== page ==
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# Chapters 5.1 – 5.6

Chapters 5.1 – 5.6. Review of Factoring. Factors. Factors are numbers or variables that are multiplied in a multiplication problem. Factor an expression means to write the expression as a product of its factors a · b = c, then a and b are said to be factors of c Examples:

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## Chapters 5.1 – 5.6

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1. Chapters 5.1 – 5.6 Review of Factoring

2. Factors • Factors are numbers or variables that are multiplied in a multiplication problem. • Factor an expression means to write the expression as a product of its factors • a· b = c, then a and b are said to be factors of c • Examples: • 3 · 5 = 15, then 3 and 5 are factors of the product 15 • x3 · x4 = x7, then x3 and x4 are factors of x7 • x(x + 2) = x2 + 2x, then x and x + 2 are factors of x2 + 2x • (x – 1) (x + 3) = x2 + 2x – 3, then x – 1 and x + 3 are factors of x2 + 2x – 3

3. Prime Numbers and Composite Numbers • Prime Number is an integer greater than 1 that has exactly two factors, itself and one. • The first 15 prime numbers are: 2, 3, 5, 7, 11, 13, 17, 19, 23, 29, 31, 37, 41, 43, 47 • Composite is a positive integer (other than 1) that is not a prime number. • The number 1 is neither prime nor composite, it is called a unit.

4. Greatest Common Factor • Greatest Common Factor (GCF) of two or more numbers is the greatest number that divides into all the numbers. • GCF (two or more numbers) – Write each number as a product of prime factors. Determine the prime factors common to all numbers. Multiply the common factors. • Example: Find the GCF of 40 and 140 40 = 2 · 20 = 2 · 2 · 10 = 2 · 2 · 2· 5 = 23· 5 140 = 2 · 70 = 2 · 2 · 35 = 2 · 2 · 5· 7 = 22· 5 · 7 GCF = 22· 5 = 4· 5 = 20

5. Greatest Common Factor • GCF (two or more terms) – Take each factor the largest number of times that it appears in all of the terms. • Example: Find the GCF of 18y2, 15 y3, and 27y5 18y2 = 2 · 9 · y · y = 2 · 3 · 3 · y · y 15 y3 = = 3 · 5 · y · y· y 27y5 = 3 · 9 · y · y · y · y· y = 3 · 3 · 3 · y · y · y · y· y GCF = 3 · y · y = 3 y2

6. Factor a Monomial from a Polynomial • Determine the greatest common factor (GCF) of all the terms in the polynomial. • Write each term as the product of the GCF and its other factor. • Use the distributive property to factor out the GCF. a (b + c) = ab + ac • Example #9 pg 348: 7x – 35 GCF = 7 7(x – 5) • FOIL = First, Outer, Inner, Last (a + b) (c + d) First = (a)(c) Outer = (a)(d) Inner = (b)(c) Last = (b)(d)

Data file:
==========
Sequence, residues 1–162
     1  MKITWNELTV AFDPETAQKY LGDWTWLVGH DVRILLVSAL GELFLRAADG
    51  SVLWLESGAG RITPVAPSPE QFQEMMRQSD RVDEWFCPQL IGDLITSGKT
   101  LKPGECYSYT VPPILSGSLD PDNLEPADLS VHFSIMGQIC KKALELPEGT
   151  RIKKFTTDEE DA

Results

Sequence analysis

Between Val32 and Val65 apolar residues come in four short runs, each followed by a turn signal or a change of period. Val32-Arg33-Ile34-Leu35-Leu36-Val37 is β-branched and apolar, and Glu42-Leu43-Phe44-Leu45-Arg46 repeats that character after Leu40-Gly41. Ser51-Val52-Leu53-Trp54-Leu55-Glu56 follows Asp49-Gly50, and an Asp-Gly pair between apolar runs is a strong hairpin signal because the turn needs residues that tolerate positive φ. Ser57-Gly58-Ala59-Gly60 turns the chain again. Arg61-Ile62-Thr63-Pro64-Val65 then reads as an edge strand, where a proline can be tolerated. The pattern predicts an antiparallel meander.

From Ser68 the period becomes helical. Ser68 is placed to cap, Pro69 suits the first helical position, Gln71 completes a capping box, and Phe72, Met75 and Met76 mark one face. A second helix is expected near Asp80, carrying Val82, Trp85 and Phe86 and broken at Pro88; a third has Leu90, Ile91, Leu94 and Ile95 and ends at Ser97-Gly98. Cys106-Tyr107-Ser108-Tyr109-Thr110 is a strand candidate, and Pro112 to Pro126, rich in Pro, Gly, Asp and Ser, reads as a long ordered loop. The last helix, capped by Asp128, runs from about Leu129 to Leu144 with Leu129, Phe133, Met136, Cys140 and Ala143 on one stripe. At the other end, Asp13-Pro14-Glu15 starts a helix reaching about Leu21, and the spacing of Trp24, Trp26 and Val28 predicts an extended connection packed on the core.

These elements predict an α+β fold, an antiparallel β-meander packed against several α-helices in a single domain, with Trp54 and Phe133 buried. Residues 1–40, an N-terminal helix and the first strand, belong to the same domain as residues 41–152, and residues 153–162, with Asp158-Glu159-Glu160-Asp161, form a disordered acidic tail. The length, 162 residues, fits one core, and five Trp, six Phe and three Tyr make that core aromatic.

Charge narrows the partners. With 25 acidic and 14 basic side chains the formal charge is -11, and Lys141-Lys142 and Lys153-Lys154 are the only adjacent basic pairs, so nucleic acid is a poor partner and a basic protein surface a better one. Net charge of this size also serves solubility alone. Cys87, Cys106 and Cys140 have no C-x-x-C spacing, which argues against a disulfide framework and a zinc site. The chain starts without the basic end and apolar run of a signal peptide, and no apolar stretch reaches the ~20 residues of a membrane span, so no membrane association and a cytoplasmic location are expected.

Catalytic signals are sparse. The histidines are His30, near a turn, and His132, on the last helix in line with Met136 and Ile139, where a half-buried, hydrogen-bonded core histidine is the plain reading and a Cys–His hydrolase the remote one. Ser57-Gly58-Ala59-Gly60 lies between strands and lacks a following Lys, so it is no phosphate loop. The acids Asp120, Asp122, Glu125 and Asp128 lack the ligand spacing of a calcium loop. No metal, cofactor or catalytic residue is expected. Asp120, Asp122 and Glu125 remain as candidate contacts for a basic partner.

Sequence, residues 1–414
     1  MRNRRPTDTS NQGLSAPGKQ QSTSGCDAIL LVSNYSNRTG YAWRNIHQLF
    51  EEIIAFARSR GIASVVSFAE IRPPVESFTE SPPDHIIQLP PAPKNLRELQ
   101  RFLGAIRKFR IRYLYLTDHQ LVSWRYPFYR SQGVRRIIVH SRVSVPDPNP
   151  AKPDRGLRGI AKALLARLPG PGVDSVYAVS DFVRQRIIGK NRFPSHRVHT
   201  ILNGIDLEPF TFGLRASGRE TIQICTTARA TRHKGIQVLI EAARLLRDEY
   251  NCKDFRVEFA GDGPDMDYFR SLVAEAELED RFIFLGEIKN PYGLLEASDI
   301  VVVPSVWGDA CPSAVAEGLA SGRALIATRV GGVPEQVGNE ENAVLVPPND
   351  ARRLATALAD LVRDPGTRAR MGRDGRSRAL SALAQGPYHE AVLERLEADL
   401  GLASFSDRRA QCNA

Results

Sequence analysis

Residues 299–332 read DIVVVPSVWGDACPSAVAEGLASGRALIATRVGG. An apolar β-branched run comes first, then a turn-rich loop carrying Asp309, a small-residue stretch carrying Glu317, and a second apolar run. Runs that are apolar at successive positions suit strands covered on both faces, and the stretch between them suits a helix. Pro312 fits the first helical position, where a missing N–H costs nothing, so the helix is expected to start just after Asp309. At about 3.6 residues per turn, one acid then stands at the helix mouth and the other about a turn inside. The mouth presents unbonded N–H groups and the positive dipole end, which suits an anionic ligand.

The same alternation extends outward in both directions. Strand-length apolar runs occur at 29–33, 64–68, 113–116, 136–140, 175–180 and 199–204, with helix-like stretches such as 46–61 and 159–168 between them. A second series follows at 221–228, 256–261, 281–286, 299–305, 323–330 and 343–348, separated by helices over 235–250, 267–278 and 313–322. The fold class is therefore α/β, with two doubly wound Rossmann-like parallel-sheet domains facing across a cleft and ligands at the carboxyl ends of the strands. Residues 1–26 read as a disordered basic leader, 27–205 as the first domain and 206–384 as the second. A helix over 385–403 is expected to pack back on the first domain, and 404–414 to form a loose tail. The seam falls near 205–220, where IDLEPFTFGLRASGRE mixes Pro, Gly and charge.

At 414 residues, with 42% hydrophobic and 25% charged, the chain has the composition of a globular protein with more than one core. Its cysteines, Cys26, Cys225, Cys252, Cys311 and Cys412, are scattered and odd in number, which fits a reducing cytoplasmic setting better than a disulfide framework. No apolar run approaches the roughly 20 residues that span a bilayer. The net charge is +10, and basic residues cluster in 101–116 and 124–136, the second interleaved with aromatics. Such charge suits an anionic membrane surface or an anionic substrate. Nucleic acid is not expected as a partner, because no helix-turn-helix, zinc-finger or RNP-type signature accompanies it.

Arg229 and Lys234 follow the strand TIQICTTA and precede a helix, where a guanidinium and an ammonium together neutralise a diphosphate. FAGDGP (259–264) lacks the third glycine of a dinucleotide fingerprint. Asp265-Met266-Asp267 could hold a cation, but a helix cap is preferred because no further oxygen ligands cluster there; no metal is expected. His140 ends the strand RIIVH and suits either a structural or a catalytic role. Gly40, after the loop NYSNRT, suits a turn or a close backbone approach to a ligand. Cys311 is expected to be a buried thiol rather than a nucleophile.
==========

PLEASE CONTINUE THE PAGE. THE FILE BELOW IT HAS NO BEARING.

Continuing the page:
7. Factor a Monomial from a Polynomial • Determine the greatest common factor (GCF) of all the terms in the polynomial. • Write each term as the product of the GCF and its other factor. • Use the distributive property to factor out the GCF.Distributive property says the if a, b and c are all real numbers then a (b + c) = ab + ac • Monomial has one term: Exp: 5 , 4x, -6x2 • Binomial has two terms: Exp: x + 4 , x2 – 6 , 2x2 – 5x • Trinomial has three terms: Exp: x2 – 2x + 3 , 5x2 – 6x +7 • Polynomial has infinite number of terms: Exp: 2x4 – 4x2 – 6x + 3

8. Factor a Monomial from a Polynomial • Example: 6a4 + 27a3 - 18a2 GCF = 3a2 3a2(2a2 + 9a – 6) • Example: x(5x-2) + 7(5x-2) (5x-2) is a factor (x+7)(5x-2)

9. Factor a Four-Term Polynomial by Grouping • Determine if there is a common factor, if yes then factor out. • Arrange the four terms so that the first two terms and the last two terms have a common factor. • Use distributive property to factor each group of terms. (first two, last two) • Factor GCF from the results. • Example #27, pg 348 Example #22, pg 348: x2 + 3x – 2xy – 6y x2 – 5x + 4x – 20 x(x + 3) – 2y(x + 3) x(x – 5) + 4(x – 5) (x + 3) (x – 2y) (x – 5) (x + 4)

10. Signs • If the 3rd term is positive the factor of last two terms will be positive. • If the 3rd term is negative the factor of the last two terms will be negative. • 2 positives – Factor positive x2 + b + c ( _ + _ ) ( _+ _ ) • b = Negative, c = Positive – Factor Negative x2 – b + c ( _ - _ ) ( _- _ ) • b = Positive, c = Negative – Factor Positive Negative x2 + b – c ( _ + _ ) ( _- _ ) • b = Negative, c = Negative – Factor Positive Negative x2 – b – c ( _ + _ ) ( _- _ )